One of the recurring things in studies is that consumers are now looking for different relationships with companies. That they also expect them to offer different content, different actions and establish links. All this based on different things from those used in the past. In the language of brand strategy, new words, such as feelings, emotions and experiences, have begun to appear more and more persistently.
In this last point, companies are still beginning to understand what they should do and how they should play with it. In fact, the experiences are not only important for themselves, but also begin to be important for their impact on other elements. Experiences are key to generating those emotions and feelings that consumers are seeking to establish as links to their favorite brands. They’re sometimes the only possible way to create that value relationship with them.
Few are the companies that have a budget destined to connect with these consumers using the marketing of the experiences, although more are those that plan to do it in the near future.
Only a small group of marketers now spend a portion of their budget doing marketing experiences. However, things change when you look ahead. a bigger group recognize that in the next three to five years they will spend at least a fifth of their budget on experiential marketing. In some cases the figure will be even higher.
Why do they do it?
The key is how the market has changed and how consumers themselves have evolved. The demographic changes have made this type of content / actions have become much more necessary. Traditional advertising no longer works and these kinds of actions allow “building relationships and inspiring action”. Of course, things are not the same in all markets. Asian brands seem much more willing to play with these tools and use new technologies, such as virtual reality or gaming, than the European ones.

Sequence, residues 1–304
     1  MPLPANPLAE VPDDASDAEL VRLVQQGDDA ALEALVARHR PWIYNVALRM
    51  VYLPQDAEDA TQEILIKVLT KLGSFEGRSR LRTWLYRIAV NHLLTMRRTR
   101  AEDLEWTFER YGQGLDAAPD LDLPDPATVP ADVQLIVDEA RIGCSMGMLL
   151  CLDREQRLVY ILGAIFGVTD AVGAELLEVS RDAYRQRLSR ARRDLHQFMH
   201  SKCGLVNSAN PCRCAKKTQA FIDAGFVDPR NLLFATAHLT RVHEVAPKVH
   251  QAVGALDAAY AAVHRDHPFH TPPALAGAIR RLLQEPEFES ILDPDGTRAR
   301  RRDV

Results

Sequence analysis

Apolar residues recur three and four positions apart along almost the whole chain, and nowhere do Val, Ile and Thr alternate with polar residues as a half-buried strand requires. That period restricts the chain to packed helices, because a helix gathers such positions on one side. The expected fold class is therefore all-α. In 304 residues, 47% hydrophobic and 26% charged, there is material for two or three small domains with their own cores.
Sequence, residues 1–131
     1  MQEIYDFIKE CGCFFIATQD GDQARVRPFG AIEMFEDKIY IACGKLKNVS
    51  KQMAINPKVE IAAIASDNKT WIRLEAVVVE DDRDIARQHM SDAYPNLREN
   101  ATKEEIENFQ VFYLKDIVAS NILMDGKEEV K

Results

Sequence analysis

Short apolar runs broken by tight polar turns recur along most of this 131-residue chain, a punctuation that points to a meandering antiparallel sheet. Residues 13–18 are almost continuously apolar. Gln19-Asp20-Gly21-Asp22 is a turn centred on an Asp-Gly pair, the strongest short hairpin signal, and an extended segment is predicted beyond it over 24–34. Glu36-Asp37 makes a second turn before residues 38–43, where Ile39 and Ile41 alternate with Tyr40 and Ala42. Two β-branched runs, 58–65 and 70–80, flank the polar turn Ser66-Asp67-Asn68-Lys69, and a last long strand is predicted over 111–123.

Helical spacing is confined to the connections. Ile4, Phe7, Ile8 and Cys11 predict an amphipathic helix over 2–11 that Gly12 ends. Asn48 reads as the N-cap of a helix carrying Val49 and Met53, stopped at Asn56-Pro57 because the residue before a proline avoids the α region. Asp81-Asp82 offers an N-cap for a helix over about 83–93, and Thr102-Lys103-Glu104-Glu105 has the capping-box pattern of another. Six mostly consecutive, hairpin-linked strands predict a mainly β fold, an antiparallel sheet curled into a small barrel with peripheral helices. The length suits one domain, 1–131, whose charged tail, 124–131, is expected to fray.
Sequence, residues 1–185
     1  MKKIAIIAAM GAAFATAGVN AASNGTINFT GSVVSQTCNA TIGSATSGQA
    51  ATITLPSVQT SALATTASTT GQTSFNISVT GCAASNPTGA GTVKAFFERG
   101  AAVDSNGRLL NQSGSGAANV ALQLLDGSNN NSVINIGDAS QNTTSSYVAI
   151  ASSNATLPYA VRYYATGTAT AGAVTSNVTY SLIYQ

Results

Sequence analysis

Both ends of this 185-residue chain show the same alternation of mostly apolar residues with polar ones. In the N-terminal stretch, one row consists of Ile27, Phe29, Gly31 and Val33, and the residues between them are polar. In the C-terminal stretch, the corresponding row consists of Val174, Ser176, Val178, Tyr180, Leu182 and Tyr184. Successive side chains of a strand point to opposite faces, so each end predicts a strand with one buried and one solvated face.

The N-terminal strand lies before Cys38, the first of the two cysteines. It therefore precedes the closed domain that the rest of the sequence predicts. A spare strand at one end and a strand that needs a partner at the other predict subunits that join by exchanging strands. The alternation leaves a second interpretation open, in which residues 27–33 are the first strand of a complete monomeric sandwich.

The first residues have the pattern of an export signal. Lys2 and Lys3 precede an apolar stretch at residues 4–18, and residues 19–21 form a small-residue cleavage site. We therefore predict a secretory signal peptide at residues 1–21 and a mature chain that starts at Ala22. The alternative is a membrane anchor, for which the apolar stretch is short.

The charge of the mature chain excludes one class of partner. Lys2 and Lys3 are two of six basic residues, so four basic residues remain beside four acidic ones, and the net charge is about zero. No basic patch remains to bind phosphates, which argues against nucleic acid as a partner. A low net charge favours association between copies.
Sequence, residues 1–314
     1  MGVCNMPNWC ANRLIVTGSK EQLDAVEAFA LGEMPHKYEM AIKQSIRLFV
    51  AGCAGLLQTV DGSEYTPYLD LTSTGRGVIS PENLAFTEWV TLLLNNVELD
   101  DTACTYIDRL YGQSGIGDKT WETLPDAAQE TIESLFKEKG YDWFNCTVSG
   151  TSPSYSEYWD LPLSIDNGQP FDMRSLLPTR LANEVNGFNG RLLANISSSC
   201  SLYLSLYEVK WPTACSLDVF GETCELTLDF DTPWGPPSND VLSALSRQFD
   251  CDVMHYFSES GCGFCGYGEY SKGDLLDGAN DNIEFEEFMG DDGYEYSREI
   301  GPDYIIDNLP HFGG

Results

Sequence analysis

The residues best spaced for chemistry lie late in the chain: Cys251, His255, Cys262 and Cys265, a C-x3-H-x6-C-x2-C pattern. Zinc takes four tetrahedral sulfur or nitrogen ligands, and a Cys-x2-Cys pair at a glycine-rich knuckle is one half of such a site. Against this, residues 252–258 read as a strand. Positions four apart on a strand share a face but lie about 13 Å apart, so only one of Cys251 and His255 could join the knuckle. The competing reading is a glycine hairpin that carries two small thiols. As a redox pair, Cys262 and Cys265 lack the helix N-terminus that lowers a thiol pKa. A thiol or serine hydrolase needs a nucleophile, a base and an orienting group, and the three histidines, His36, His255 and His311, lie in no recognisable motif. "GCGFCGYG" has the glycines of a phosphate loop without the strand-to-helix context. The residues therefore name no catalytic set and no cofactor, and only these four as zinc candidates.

Experiential marketing requires greater creativity on many occasions and being able to seize opportunities. Companies have to be able to create opportunities that make the consumer live that experience and, above all, have to make it all remarkable, different and highly memorable. This often means not only thinking about what one does but also what others do.
Experience sometimes does not require a million dollar investment, but rather a good inventiveness.
Brands and companies have to work to create actions that work in a face-to-face scenario (one approaches the consumer at the moment), to send the message that is to be shared and to interact (the receiver has to participate in it). What is being done: you have to live it. All of this has to make the experience highly memorable and allow you to connect to a level that is not the usual with the brand.
To this is added another interesting element. The experience has to be unique. Creating experiences is not giving away a product by buying two others or giving a special bag at the supermarket on a designated day. Those are interesting actions and with their own potential, but they are not exactly marketing with experiences. Experiences have to be unique, different and have to be noticed. The consumer has to be surprised and have him in a sense to move.